If you had a friend visiting you, what are some of the local spots you’d want to take them around to?
This is a toughie to answer in the middle of a pandemic because my ass is staying home as much as possible these days. Plus, I’m always broke so I try not to spend money. Good news is, San Diego is like living in a postcard, and there is plenty to do for cheap or free. I think I miss coffee shops more than people at this point, so I’d definitely recommend hitting up a cafe – Dia Del, Cafe Madeleine, Lestat’s, Moniker – basically anywhere there is caffeine in a cup, I’ll go there and drink as much of it as I can afford. I would also recommend visiting Balboa Park. Lots of pretty sites to see, good people-watching, cool art and architecture everywhere. One of my favorite places to go is Sail Bay. It has all the beauty of the beach without as many tourists and just feels a little bit more quiet and relaxing to me than going to the ocean proper. My wife and I also love to go running and roller skating by the basketball courts in Crown Point/Mission Bay. Another great spot for a picnic with killer views of San Diego is Kate Sessions Park. If you’ve got splurge money, Cinepolis is a fun date night. If you’re into thrifting, AMVETS and Buffalo Exchange are my go-to’s. If you’re into tacos, I like Salud, Tacos El Gordo, and El Zarape. Hillcrest farmers markets on Sundays are fun. Whatever you do, please wear a mask and social distance.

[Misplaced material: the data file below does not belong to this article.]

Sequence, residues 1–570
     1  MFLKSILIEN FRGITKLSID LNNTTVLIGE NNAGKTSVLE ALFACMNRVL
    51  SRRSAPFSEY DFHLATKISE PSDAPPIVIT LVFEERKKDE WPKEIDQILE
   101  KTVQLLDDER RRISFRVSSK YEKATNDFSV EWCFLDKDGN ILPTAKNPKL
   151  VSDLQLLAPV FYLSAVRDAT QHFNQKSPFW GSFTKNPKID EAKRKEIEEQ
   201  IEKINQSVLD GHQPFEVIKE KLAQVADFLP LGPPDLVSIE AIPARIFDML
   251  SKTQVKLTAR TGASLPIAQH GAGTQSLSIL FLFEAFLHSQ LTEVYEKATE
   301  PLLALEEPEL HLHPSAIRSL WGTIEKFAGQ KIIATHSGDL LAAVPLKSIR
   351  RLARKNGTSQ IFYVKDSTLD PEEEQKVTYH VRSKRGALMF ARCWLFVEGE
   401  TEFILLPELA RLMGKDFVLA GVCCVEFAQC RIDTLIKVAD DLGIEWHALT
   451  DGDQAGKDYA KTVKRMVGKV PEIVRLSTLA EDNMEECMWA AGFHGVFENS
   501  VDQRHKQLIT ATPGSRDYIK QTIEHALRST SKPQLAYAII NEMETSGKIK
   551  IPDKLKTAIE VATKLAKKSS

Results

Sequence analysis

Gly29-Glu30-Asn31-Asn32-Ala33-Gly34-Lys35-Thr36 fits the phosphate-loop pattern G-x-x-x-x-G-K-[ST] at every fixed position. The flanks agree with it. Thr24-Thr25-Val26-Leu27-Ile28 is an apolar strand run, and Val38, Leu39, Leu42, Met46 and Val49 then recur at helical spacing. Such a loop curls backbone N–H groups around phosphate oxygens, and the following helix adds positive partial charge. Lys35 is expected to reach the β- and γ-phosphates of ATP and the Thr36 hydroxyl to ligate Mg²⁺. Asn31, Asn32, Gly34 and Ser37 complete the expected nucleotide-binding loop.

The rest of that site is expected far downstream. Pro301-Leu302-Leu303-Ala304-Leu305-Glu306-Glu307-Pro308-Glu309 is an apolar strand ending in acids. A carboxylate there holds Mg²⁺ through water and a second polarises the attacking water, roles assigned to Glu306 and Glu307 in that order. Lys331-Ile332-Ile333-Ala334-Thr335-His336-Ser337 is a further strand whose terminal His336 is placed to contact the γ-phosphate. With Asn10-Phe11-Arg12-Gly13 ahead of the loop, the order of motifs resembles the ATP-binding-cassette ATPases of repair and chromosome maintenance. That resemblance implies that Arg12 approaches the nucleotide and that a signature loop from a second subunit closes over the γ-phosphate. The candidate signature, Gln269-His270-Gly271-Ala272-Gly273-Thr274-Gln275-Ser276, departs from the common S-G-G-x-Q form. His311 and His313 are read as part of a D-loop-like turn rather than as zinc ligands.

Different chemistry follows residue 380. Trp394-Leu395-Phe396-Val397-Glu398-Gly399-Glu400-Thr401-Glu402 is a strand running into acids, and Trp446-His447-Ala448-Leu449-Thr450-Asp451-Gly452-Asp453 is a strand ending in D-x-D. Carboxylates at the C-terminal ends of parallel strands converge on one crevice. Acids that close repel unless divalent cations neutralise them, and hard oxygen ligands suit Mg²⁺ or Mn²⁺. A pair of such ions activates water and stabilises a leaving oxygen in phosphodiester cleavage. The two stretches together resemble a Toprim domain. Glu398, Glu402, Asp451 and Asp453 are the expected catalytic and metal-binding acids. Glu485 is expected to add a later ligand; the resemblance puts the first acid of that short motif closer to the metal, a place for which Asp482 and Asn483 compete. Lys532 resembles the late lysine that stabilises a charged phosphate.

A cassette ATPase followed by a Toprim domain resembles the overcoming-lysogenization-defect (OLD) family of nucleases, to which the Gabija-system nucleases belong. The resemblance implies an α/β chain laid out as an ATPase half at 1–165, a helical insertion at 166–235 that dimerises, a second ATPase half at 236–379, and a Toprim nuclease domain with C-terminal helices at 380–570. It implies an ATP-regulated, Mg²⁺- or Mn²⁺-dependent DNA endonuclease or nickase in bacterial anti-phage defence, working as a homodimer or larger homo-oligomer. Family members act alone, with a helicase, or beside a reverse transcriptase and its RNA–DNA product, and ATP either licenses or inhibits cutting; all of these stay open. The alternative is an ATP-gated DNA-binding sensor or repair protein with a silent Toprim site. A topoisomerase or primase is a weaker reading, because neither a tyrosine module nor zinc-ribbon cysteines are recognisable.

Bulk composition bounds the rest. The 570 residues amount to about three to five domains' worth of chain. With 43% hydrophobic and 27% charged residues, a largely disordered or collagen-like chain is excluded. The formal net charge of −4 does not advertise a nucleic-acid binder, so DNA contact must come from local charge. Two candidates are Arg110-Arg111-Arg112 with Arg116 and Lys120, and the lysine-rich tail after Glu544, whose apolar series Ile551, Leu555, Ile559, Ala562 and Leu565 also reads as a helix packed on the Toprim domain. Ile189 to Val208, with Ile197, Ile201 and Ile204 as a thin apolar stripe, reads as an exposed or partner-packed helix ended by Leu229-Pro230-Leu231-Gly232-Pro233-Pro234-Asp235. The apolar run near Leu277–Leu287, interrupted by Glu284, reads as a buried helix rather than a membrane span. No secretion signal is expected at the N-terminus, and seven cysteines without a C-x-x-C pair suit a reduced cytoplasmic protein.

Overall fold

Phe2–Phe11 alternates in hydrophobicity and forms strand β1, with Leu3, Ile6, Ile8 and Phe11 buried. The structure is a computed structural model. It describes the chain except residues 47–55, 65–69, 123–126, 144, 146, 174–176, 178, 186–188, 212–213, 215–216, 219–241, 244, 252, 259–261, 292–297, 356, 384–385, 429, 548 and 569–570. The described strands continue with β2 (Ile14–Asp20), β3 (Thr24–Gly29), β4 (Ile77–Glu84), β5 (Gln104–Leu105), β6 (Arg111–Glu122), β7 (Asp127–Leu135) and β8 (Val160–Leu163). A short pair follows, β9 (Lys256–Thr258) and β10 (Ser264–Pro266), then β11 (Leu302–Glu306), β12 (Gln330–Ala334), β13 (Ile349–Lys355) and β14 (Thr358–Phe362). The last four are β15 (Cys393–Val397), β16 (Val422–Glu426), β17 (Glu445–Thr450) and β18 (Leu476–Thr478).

Who else deserves some credit and recognition?
I want to shout out to Karina Frost Moreno and Jenn Frost Moreno. Two of the biggest hearts I’ve ever had the pleasure of working with and learning from. I am constantly in awe of their passion for and commitment to social justice and community building.
Black and White photo = Sharisse Coulter Elevator photo = Sydney Prather Please also include image descriptions: Photo 1: Black and white stylized photo of Lindsay White in foreground, wearing heart-shaped sunglasses, hoop earrings, and black tank top that reads “You Are Enough.” She is playing guitar and singing into a microphone at Lady Brain Fest 2019. Steve Nichols, wearing sunglasses and Tshirt, stands in background playing guitar. Photo 2: Photo of Lindsay White, wearing green shirt, white dress with black polka dots, and black military boots. She sits on a green, gray and blue striped elevator floor. Behind her left shoulder is the metal elevator panel/buttons, and behind her right shoulder is an accent wall featuring a cityscape in shades of green.